In a review of airstrikes in the war-torn country since 2017, U.S. Africa Command found that an April 2018 attack on al-Shabab militants killed two innocent civilians.
“Credibility, transparency, and accountability are fundamental to military operations,” Marine Corps Gen. Thomas D. Waldhauser, commander of U.S. Africa Command, or AFRICOM, said in a statement Friday morning. “It is critically important that people understand we adhere to exacting standards and when we fall short, we acknowledge shortcomings and take appropriate action.”
The news comes just weeks after Amnesty International released a scathing review charging that the U.S. has killed at least 14 civilians over the past two years. The Amnesty report examined just five of the dozens of airstrikes in Somalia since 2017.
The Pentagon has vehemently denied those allegations.
The April 1, 2018, bombing reviewed by AFRICOM was not one of the incidents included in the Amnesty study. Officials said evidence emerged shortly after the incident suggesting that civilians may have been killed, but that information was not passed up the chain to military leadership.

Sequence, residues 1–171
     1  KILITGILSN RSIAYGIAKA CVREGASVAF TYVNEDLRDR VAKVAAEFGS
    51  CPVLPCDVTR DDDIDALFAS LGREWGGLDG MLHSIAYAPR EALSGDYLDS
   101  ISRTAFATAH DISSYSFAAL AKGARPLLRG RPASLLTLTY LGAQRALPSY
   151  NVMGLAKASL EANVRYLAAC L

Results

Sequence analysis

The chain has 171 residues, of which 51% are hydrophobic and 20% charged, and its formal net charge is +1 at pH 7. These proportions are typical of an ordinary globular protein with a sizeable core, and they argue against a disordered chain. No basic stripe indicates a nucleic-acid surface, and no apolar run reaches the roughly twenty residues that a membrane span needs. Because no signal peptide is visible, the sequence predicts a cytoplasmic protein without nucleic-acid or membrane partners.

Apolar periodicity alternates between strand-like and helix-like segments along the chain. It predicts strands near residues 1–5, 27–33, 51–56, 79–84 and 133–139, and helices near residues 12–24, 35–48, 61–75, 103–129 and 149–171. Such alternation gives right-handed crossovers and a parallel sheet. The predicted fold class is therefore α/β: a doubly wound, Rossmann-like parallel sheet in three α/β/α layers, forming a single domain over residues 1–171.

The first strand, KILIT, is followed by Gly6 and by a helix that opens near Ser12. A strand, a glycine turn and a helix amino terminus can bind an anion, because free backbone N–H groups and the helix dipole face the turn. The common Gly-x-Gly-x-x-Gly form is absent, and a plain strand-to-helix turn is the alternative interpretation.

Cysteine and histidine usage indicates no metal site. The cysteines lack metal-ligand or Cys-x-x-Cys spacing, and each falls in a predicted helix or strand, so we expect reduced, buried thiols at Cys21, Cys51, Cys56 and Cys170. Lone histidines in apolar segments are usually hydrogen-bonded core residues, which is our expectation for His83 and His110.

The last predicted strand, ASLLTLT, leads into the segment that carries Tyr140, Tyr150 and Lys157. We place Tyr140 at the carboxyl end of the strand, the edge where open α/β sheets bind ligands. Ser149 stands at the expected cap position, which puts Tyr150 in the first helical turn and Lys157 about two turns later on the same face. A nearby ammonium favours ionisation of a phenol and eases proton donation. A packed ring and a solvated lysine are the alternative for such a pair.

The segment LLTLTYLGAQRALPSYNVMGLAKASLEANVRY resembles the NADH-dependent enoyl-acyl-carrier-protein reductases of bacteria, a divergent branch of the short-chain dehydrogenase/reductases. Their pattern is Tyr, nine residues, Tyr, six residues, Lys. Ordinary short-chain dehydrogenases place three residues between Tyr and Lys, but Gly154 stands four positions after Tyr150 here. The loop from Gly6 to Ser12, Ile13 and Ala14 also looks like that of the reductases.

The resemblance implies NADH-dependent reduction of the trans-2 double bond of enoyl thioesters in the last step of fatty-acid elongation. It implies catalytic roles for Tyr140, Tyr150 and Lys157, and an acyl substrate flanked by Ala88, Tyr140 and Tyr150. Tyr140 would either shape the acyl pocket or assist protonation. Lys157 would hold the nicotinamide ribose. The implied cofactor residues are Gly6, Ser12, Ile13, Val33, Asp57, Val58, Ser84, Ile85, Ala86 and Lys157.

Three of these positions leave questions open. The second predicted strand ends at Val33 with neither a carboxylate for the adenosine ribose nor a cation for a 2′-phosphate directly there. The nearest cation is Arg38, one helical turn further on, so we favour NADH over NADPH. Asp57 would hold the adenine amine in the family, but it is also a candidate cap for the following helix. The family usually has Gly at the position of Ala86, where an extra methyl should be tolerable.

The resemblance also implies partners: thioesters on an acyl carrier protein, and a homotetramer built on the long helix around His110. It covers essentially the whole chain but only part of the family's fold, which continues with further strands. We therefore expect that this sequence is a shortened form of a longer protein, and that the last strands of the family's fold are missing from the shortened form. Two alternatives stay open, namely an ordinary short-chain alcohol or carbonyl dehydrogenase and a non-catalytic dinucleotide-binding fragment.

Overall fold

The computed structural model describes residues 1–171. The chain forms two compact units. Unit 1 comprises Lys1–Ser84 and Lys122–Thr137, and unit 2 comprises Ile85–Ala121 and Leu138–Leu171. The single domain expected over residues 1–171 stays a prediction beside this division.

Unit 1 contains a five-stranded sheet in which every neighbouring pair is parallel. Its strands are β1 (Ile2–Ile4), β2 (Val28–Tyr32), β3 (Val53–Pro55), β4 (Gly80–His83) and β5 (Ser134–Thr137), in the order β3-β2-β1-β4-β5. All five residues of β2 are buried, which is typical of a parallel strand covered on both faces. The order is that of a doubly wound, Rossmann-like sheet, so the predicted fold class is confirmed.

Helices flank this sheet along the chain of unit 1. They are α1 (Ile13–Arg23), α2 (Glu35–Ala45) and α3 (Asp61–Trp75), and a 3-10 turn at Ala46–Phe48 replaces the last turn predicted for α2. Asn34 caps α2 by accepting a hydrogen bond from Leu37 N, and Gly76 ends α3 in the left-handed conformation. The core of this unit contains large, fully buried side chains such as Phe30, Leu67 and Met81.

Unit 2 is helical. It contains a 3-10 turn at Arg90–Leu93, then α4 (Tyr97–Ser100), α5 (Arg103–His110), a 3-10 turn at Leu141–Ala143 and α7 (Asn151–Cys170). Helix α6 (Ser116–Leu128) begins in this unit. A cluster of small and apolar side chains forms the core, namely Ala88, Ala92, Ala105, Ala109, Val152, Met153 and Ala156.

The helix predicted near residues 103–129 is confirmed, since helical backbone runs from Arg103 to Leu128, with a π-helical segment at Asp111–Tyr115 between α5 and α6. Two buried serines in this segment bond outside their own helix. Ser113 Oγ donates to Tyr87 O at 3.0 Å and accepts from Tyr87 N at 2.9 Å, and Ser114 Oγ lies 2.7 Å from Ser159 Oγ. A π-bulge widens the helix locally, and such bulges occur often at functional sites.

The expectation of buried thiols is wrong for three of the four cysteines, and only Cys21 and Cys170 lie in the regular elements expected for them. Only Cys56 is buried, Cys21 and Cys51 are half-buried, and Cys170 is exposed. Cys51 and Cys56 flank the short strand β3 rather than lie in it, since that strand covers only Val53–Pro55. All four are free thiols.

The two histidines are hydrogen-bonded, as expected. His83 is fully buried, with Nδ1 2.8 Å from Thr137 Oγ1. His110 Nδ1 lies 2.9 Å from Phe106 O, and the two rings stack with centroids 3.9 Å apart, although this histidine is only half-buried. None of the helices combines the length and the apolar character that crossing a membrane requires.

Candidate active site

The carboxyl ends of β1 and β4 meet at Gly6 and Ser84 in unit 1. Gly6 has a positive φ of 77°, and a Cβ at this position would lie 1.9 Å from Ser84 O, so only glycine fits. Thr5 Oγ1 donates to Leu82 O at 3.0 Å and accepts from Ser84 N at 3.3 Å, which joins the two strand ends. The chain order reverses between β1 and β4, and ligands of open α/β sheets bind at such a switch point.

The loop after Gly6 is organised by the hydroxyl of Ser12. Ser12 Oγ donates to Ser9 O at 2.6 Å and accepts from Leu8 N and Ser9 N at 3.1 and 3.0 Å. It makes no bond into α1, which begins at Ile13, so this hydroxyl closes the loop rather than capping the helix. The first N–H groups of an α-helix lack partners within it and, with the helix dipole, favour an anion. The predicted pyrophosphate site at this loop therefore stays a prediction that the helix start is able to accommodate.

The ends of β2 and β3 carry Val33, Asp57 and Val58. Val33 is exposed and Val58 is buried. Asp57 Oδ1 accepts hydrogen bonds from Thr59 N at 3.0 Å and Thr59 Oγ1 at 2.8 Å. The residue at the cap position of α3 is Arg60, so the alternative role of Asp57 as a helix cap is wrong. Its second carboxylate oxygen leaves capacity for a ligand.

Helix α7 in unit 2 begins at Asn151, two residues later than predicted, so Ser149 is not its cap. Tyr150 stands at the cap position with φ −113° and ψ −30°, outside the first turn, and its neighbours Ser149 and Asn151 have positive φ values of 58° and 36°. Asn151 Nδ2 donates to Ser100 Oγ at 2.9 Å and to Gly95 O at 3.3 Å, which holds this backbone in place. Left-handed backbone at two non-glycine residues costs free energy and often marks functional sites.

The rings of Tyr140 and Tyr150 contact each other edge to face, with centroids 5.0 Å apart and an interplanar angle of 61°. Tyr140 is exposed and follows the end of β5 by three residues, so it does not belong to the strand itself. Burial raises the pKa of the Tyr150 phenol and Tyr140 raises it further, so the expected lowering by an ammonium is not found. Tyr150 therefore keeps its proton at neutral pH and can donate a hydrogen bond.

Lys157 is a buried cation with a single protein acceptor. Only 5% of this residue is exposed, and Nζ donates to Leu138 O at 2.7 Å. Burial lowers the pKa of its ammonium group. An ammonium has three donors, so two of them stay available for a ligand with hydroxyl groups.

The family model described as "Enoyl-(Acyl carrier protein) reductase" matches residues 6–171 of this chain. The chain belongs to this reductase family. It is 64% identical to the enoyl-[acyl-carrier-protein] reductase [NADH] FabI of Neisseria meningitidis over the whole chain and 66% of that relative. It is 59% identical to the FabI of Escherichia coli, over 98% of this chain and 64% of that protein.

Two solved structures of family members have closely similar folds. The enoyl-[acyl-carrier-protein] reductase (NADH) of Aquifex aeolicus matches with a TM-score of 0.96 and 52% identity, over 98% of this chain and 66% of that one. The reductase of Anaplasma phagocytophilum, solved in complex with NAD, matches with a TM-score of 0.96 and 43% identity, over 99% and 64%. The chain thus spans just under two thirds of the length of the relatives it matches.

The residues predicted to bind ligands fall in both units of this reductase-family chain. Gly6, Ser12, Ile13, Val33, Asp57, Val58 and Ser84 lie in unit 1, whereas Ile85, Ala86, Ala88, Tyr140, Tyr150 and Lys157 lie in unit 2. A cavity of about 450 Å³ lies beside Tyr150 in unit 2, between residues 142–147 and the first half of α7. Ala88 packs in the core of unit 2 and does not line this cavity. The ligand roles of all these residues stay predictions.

“On March 30, 2019, the command was notified about the results of a post-strike internal assessment conducted in April 2018 that found credible evidence of the two civilian casualties. Unfortunately, the finding was not properly reported to U.S. Africa Command headquarters,” AFRICOM said in its statement. “Because of the reporting error, U.S. Africa Command was not informed of the assessment’s conclusion-and subsequently the information was not reported to external authorities, such as the host nation and Congress.”
Officials added that “the reporting error is being addressed.”
The U.S. has carried out 28 airstrikes in Somalia so far this year. In 2018, there were 47 strikes and 35 in 2017, according to AFRICOM figures.
Despite the admission, human-rights groups said the military must go much further.
“AFRICOM’s acknowledgement of civilian casualties is an important step forward from their previous denials of any civilian deaths or injuries from US air strikes in Somalia,” said Daphne Eviatar, Amnesty International’s director of security with human rights. “But this is only a first step. We still need new investigation procedures and all cases of civilian casualties we have documented re-investigated. The family and community members of victims of these and other strikes who have had neither communication nor support from AFRICOM will find little solace in this initial response.”
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